People have their reasons for pursuing open-source projects. These reasons may range from pure geekery to making a name for themselves as talented coders to monetary motives. However, why profit-seeking enterprises allocate resources to such projects may take some more explaining to do. Let's take a look at the motives behind the corporate interest in open-source projects.
Often receiving bad press due to selfish business practices they follow, big tech corporations can take advantage of open-source projects to present themselves to the wider public in a more positive light. Sharing knowledge and expertise with the larger coder community and giving back to them earn tech corporations brownie points with the public. Building a positive image in the eyes of developers can pay off in the long run and give those companies a leg up in recruiting new talent.
No matter how vast your resources are as a company, you don't always get to hire the best of the best. Some employees have long-term commitments to their respective companies, while others are located in different countries with no interest in relocation or making significant changes to their lives. Open-source projects are a great way of picking the brains of such people. Seeing open-source projects as a challenge, top developers bring their A-game to these projects and add a lot of value for free.
While CVs are good for developers who can talk the talk, open-source projects are where developers that can walk the walk can differentiate themselves. Software companies scouting talent in open-source projects are like kids in a candy store. For tech companies, open-source code samples are better indicators of coding talent than vanity-filled résumés. Having spotted talent, companies can use open-source projects to vet prospective teammates before making an official job offer. GitHub co-founder Tom Preston-Werner sums it up nicely:
"If you're hiring, the best technical interview possible is the one you don't have to do because the candidate is already kicking ass on one of your open source projects."
Open-source projects give tech corporations a sound base they can build on. The products developed on top of that base will be compatible with a whole ecosystem of other products and platforms.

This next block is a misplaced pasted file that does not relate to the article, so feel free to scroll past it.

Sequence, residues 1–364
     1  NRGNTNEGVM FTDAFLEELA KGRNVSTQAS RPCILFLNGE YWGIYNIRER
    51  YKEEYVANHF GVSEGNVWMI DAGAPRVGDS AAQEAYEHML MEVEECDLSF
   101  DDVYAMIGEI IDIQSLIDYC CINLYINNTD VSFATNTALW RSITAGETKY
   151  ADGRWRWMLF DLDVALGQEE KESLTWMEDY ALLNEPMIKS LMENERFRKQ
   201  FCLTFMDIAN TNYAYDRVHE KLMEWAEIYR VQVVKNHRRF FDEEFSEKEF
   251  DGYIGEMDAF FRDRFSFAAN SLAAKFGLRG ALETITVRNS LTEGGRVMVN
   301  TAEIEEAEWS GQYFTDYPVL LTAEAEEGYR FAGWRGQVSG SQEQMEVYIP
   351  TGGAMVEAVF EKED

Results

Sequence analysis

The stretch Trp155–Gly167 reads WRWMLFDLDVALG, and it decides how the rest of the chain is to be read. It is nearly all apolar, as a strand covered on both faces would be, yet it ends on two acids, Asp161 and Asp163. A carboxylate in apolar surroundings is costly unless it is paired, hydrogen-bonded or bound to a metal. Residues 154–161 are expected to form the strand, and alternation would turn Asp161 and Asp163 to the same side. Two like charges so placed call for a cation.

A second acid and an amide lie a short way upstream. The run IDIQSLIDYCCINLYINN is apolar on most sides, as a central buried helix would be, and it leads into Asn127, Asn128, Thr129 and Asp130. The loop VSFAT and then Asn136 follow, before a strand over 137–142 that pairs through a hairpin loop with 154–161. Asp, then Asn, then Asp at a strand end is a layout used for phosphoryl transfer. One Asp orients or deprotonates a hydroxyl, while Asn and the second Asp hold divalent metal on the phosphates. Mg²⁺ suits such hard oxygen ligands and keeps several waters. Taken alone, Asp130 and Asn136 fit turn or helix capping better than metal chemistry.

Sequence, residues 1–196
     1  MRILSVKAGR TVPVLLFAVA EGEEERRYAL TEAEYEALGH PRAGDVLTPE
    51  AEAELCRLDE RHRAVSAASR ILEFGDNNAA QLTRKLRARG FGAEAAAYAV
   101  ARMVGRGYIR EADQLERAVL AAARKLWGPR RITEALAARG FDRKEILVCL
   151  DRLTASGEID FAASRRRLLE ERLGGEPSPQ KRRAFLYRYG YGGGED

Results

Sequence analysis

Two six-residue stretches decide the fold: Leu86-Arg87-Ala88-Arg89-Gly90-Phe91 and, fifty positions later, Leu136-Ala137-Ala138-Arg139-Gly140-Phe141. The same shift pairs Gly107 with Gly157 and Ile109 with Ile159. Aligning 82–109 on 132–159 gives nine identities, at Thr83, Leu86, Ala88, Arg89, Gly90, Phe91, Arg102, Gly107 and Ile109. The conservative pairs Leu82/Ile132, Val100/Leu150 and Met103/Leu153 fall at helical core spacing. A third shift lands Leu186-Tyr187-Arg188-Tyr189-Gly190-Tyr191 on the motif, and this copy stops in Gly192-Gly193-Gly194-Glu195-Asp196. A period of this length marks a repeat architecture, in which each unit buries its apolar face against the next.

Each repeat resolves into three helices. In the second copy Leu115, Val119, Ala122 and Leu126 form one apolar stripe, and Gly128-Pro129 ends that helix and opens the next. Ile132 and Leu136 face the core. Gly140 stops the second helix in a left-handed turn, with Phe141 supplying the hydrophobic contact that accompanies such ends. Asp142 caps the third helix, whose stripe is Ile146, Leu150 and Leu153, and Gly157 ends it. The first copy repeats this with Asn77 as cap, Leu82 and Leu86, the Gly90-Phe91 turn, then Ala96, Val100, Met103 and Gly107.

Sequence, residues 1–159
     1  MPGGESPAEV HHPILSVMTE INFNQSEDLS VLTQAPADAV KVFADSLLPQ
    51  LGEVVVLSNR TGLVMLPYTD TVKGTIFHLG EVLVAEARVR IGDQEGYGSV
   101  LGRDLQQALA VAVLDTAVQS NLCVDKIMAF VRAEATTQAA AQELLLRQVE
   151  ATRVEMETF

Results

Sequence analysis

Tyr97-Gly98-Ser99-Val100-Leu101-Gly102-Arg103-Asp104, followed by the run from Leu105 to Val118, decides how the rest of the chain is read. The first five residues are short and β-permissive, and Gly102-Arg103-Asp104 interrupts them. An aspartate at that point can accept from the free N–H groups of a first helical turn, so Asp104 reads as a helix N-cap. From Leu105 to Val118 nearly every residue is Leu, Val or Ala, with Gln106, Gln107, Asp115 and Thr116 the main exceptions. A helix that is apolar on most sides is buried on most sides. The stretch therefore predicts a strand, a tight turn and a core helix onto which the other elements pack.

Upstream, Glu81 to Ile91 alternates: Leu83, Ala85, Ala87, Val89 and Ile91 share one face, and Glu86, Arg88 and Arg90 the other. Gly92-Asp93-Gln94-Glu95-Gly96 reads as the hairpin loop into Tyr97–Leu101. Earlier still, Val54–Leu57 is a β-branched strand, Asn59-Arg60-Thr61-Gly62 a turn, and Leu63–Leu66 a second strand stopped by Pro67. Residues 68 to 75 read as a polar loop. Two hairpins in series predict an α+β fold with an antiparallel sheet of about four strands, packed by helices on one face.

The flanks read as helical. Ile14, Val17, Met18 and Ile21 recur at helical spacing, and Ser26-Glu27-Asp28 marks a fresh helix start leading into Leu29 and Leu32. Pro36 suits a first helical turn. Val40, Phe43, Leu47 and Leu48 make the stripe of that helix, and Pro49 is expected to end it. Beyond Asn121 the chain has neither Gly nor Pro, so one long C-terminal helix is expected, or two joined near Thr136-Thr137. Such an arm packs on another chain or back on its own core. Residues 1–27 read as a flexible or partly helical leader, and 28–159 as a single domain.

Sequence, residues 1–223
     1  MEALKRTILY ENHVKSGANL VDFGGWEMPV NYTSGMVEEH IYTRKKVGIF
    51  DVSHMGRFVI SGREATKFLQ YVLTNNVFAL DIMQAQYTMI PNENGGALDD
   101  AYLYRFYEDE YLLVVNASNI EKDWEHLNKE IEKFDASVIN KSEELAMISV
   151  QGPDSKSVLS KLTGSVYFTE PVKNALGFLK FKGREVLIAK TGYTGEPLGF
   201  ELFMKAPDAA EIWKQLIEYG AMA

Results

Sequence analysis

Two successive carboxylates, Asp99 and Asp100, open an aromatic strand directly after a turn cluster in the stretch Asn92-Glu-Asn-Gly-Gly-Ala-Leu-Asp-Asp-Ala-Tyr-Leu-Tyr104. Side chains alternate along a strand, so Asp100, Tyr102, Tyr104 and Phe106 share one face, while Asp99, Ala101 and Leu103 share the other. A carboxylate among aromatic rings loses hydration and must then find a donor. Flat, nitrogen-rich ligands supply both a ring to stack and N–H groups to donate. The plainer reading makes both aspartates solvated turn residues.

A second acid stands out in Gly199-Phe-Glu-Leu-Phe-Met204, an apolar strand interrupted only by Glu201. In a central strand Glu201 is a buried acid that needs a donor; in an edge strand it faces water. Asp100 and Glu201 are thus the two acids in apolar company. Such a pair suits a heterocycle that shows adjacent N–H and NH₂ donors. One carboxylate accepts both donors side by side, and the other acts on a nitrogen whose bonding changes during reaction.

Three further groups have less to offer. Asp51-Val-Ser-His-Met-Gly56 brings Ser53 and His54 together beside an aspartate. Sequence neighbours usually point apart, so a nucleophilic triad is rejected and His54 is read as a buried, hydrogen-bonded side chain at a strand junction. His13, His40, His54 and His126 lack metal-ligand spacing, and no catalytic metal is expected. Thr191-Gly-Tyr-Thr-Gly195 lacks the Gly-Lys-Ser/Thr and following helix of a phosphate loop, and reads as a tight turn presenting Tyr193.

During a project, a company connects and interacts with a community, nurturing a bond with them that it can leverage later. People who contribute to a project tend to be more likely to speak positively of it and even become that brand's ambassadors. An extendible ecosystem and a loyal community were Android's two biggest advantages as it vied with iOS for market share. In an ultra-competitive industry, a community with a stake in a product's success can give a company a big boost against the competition.
Open-source projects develop best practices and industry standards so that different companies do not have to reinvent the wheel at every step. Once somebody comes up with a more efficient way of executing a certain task, it becomes part of the open-source lore. Thanks to this cumulative nature of knowledge, scarce resources can better be channeled to tasks where they will create more added value.
Open-source projects bring together the most talented developers from around the world. These developers offer their expertise, share knowledge, and learn from each other. The result is usually something that tests the limits of technology, broadening the horizons of the whole industry. Whether it is cloud, app deployment, or AI, open-source projects give contributors and onlookers a glimpse into the future.
Tech corporations in the past did everything in their power to stop or undermine open-source projects. However, they finally seem to have realized that such projects are a blessing rather than a threat to their businesses. Today, open-source has become an integral part of how the software industry operates. Credit goes to tech leaders who looked for a way to leverage open-source instead of swimming against the current.